The ins and outs of our recent photoshoots: roof terrace shoot
With everything organised, props arranged, schedules drawn up, models sourced, team briefed and sun-dances complete, the day of our first photoshoot arrived which we approached with excitement and trepidation! As always, there were a few questions whirling around in my brain: would the weather hold up? Would we manage to get all the shots required done? Did I order enough food? Are the correct props coming to the correct shoot? Would the owners be lenient on us if we slightly overstayed our welcome? Would any of the models storm out in a rage a la Naomi Campbell? (probably less likely).
MORNING AND MINOR HITCHES
After having been concerned about the parking situation – 16 visitor parking spaces for a complex of 500 flats – I arrived to find that my colleague had easily found a spot to park his van containing the product we were shooting, the main event. First potential panic avoided! The flat we hired for the day was situated on the ninth floor so the next hour or so was spent assisting the warehouse team bringing furniture, props, plants, trees etc up in the lift, feeling thankful that this is the year I decided to do a bit more weight training at the gym and appreciating the effort the location owners had gone to in arranging for the lift to be covered with padding, very useful for resting ones head on whilst in transit, between lifting and lugging. Once all the props were safely delivered, my part time role as a stylist’s assistant began – with ironing! Luckily I was one of those children who actually asked to help out with the ironing – a habit which did not last long I must admit. Whilst models were arriving, the photography team were getting set up and the sun was slowly making an appearance, Ali and I busied ourselves with unpacking, sorting, cleaning props where necessary (I discovered that lighter fluid is remarkable at getting glue stains off glasses) and setting up the first shots, fuelled by the wonder that is diet coke.
The atmosphere on this, our first shoot was wonderful; the sun was out, the models were happy (no tantrums!) and we even had a make-up artist (who arrived armed with THREE suitcases full of make-up) making them look super glam. After a coffee run for eight coffees which I miraculously managed to get back to the building, up the padded lift and into the flat without spilling on anyone, anything or myself I might add, we were ready to take our first few shots.
Everything went incredibly smoothly – Ali jumped onto the set here and there to make tiny adjustments to props which most people wouldn’t even notice; I decided to stay out of it and leave it to the professionals. Ali made the scene look beautiful and incredibly inviting. The models gaily laughed and drank their wine (prop wine aka non-alcoholic, although this didn’t seem to be a problem!) and occasionally had their faces touched up or hair pinned back by the make-up artist, eagerly attempting to make them look perfect, despite the wind’s sheer determination to undo her hard work. The shots came out brilliantly, everyone was happy and the models were temporarily released.
MID SHOOT LULL
My past experiences of photoshoots have involved a steadfast fight against time and daylight. On this shoot, however, we found ourselves with a rather spoiling lull for a few hours waiting for the sun to go down and the light to fade which was essential for our next few shots. The new range we were shooting is extremely versatile and the products have use both in the day, evening and night which needed to be reflected in the shots. It was now early evening but being spring/summer, it was bright light outside. The solution to kill an hour or so? Order a great big curry and tuck in! So we did and it was not only delicious but a great way to let everyone reflect on the afternoon and re-charge for the next task ahead.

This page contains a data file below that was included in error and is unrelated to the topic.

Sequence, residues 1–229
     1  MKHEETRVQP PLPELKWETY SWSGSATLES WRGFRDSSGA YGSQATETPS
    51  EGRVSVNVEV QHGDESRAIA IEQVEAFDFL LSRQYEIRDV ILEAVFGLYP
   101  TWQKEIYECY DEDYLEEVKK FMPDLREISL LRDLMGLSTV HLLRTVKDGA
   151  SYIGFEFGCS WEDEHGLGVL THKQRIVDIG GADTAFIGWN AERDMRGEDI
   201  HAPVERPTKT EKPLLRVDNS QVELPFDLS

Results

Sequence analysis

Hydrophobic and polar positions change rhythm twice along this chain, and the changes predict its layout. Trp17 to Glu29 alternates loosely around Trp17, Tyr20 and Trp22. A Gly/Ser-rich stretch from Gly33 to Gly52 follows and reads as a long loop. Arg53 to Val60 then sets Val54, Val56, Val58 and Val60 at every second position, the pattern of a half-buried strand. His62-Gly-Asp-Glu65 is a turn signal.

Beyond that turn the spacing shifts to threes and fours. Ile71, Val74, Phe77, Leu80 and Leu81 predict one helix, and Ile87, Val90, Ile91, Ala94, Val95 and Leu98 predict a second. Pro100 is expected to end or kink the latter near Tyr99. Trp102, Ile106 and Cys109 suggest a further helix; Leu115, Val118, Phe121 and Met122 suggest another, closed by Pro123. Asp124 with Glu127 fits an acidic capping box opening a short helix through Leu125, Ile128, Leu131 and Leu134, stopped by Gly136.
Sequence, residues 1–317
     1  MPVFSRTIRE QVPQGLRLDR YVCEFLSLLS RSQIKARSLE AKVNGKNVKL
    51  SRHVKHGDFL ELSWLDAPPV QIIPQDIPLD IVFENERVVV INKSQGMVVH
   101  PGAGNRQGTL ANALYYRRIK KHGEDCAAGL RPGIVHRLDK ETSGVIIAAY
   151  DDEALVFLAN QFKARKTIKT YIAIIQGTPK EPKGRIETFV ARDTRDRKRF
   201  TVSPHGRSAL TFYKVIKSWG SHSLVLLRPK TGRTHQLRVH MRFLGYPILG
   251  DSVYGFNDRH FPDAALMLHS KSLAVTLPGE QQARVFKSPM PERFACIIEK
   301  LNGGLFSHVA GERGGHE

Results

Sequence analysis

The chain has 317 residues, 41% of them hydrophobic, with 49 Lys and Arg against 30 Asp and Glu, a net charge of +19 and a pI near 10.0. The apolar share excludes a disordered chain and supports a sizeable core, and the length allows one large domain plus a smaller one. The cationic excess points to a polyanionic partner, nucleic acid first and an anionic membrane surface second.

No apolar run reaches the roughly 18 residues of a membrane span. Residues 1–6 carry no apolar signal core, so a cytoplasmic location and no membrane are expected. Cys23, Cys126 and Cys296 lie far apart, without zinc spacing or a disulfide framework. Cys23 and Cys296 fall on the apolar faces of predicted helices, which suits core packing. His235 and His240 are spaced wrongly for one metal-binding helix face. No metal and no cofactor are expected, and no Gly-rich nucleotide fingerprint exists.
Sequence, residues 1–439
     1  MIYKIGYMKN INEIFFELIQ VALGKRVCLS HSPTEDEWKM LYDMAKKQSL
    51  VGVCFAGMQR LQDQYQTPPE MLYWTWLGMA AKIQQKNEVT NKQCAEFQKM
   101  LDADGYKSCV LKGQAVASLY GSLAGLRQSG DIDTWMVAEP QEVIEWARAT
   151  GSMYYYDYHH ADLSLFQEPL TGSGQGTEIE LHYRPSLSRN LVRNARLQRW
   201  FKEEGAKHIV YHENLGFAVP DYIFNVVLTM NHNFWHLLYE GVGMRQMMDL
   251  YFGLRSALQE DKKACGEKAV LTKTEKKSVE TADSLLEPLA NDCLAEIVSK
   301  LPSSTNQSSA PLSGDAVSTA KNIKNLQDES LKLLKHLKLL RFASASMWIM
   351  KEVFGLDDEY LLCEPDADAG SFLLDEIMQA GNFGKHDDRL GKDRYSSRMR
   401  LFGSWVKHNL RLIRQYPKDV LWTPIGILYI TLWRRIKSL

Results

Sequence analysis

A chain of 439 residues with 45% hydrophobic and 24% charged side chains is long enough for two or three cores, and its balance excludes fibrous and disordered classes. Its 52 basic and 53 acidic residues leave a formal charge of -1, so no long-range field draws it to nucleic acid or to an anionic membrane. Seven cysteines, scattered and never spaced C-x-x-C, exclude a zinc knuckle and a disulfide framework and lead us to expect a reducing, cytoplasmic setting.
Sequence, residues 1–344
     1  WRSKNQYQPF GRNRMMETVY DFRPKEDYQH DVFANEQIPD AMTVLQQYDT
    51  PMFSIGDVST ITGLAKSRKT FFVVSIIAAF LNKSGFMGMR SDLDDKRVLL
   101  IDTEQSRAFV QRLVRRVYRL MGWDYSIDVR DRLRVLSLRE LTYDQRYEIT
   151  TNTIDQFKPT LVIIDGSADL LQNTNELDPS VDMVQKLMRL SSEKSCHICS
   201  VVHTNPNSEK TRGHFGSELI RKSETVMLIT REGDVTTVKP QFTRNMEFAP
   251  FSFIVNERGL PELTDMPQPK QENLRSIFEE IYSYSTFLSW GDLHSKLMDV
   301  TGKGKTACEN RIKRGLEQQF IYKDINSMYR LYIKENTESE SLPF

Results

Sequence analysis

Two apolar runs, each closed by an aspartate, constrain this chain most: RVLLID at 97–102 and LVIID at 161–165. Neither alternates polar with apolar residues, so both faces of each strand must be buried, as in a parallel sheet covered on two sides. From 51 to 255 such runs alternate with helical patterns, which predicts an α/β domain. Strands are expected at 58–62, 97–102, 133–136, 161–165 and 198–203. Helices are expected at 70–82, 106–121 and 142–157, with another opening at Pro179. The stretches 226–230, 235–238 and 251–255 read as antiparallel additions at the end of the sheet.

EVENING BECOMES THE NIGHT
Before we knew it the light was fading and there was a quick dash to get everyone back into position. Ali had been working away making a few small adjustments to the table and adorning the faux laurel plants, faux buxus balls and indeed non faux plants with fairy lights, as well as lighting lanterns and candles to create a gorgeous midsummer glow. The light was really on our side and beautiful shots of the sun going down and the darker evening light with a subtle pinky/orange radiance were achieved. Despite it being mid May, it was really rather chilly once the sun had gone so I highly commend the models for their true British grit, smiling through the slightly bitter spring wind, reminding one that it is not quite summer….yet. Luckily regular glass top-ups (real prosecco this time) helped enormously!
THAT’S A WRAP
Once the shots were done, the models scuttled inside to warm up and the break down commenced. It was now a case of all hands on deck to remove and wrap all props, blow out candles, turn off lanterns and release the fairy lights. There was a lot of washing up, sweeping, mopping and general cleaning to be done and all at 9-10pm at night! The very kind and accommodating owners of the location allowed us to leave all the props in their kitchen to be collected first thing the next morning and Ali and I set about labelling everything to within an inch of its life to make sure nothing was left behind and that the warehouse team would know which items were needed for the next shoot and which ones could be put aside. It was no mean feat but by 10:30pm, we were finished – not before I discovered to my delight that the couple who owned the location were actually next door neighbours to my family when I was a baby – a reminder of how ridiculously small this world really is!
Like Christmas Day, after hours and hours of preparation, the shoot was over in a flash! I will say here and now that I am not much of a stylist but my ironing, washing-up, wrapping and weight lifting skills are definitely improving!